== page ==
Unlike homes and commercial buildings, it can be easy for hikers, hunters, and mountain bikers to mistakenly wander onto your parcel of land without realizing it. If you have a pond or river on your land, you may also attract fishing enthusiasts. These outdoor activities involve far more risk of injury than having people over to your home would. Even though vacant land insurance isn’t legally required, it can be very beneficial for landowners in case an accident occurs on their property.
Vacant Land & Liability: When Can a Landowner Be Sued For Injury on Their Property?
If someone comes over to your home for a dinner party, falls down the stairs, and breaks their leg, the homeowner is responsible. The guest would be well within their rights to sue you for the cost of their medical bills. If an injury occurs on a parcel of vacant land that you own, you would also be on the hook.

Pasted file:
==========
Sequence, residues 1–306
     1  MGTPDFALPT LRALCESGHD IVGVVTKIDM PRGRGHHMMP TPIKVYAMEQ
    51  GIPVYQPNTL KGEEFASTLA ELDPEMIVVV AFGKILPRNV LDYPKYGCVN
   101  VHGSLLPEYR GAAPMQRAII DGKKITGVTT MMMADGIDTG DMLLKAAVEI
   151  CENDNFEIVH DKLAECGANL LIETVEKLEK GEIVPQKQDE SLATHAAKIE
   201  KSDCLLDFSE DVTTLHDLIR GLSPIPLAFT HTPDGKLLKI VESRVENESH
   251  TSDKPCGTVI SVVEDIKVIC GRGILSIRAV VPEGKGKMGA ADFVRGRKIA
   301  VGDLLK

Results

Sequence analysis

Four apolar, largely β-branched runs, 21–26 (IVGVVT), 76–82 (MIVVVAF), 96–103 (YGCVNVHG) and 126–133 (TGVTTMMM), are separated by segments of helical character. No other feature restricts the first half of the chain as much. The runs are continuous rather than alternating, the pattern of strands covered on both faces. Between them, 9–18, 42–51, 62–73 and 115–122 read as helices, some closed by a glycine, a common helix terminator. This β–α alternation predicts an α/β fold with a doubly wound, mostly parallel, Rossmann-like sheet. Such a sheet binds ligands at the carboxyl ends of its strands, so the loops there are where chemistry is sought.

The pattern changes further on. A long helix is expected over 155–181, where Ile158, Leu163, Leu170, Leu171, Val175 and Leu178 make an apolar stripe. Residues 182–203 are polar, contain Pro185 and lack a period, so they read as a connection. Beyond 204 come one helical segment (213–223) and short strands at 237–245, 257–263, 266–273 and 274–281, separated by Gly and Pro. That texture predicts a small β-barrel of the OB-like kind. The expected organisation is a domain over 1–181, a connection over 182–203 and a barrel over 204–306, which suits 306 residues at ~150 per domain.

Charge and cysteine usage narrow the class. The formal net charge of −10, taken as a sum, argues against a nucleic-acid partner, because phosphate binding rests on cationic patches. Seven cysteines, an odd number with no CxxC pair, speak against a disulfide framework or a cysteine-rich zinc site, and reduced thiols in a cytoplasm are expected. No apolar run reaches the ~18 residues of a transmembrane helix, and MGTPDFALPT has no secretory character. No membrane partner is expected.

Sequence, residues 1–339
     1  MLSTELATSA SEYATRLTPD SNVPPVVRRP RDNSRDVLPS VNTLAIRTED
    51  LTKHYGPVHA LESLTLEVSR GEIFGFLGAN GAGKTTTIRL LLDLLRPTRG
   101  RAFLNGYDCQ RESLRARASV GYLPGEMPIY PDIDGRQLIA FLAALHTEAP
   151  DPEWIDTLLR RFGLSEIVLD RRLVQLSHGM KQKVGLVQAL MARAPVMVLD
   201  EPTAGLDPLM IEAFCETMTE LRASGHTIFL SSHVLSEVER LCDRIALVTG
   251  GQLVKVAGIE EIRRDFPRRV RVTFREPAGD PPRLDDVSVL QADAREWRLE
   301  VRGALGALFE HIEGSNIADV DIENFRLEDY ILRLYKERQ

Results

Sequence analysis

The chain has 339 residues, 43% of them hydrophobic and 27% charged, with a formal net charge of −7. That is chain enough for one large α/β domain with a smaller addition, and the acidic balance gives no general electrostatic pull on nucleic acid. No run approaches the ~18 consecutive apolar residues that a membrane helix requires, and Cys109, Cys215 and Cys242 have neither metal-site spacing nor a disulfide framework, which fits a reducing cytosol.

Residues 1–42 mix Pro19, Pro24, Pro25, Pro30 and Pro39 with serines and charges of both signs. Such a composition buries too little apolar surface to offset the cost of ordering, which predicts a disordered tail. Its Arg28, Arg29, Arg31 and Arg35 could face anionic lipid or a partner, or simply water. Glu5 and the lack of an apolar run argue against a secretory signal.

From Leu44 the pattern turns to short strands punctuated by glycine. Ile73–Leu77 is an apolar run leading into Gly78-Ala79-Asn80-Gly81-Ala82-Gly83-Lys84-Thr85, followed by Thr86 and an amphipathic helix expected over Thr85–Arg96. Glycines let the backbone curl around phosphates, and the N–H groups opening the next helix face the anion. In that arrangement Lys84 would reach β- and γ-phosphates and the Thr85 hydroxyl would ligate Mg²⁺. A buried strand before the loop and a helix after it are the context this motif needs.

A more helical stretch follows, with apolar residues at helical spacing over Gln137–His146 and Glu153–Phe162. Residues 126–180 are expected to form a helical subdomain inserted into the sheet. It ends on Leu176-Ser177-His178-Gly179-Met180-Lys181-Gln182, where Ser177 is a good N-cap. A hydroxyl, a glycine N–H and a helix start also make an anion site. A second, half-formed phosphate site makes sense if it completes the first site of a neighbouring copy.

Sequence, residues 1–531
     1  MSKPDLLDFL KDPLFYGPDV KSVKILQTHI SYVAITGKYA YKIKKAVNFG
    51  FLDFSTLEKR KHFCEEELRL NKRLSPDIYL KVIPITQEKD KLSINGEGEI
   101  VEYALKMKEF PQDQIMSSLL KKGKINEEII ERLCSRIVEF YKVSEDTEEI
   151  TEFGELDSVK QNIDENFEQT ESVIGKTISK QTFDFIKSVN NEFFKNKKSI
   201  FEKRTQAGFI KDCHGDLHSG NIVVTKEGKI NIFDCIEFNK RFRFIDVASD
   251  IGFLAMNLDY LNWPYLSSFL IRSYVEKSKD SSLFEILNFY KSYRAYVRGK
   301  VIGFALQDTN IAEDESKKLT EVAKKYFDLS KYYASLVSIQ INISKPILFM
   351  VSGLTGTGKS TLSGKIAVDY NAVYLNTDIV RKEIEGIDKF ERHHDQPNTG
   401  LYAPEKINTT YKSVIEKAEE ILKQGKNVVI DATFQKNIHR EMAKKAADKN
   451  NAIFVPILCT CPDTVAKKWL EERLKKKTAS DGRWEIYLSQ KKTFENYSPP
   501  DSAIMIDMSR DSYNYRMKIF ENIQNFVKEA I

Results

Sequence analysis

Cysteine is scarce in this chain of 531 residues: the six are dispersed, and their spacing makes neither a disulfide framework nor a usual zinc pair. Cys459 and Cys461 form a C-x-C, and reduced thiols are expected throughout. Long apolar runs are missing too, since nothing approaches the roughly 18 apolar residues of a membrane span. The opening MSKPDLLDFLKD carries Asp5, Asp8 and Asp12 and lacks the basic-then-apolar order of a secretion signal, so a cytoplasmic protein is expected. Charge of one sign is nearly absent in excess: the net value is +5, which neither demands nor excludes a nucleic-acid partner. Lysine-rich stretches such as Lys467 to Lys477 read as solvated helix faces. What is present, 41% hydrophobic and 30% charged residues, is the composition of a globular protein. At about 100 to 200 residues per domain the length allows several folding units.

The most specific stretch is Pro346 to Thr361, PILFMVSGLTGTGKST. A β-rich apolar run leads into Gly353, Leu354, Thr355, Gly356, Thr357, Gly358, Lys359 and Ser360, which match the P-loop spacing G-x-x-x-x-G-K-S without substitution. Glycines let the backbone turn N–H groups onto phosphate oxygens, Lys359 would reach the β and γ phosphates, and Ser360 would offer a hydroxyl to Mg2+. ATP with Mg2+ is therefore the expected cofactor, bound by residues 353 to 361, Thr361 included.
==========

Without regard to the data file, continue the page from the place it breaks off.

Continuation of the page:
However, liability is a little more complicated when it comes to injuries on vacant land. This is because homeowners typically have a large amount of control over who enters their home. Most activities that take place in a home have a relatively low risk of injury.
Vacant land, on the other hand, can be used for hunting, fishing, mountain biking, hiking, and ATV riding; these are activities that come with a high risk of injury. It is also very easy for someone to break their ankle by tripping over a rock or falling down an incline. Vacant land is also harder to police and keep secure; this means that people may be using your land for sporting activities, cutting through, or trespassing when you are not present.
Additionally, if you use your own vacant land for hunting or target shooting, there is the risk of accidentally shooting someone who is taking a shortcut through your land. Because Stand Your Ground Laws do not apply to vacant land, you would be liable for the incident.
Can a Trespasser Sue a Landowner if They Are Injured on Vacant Land?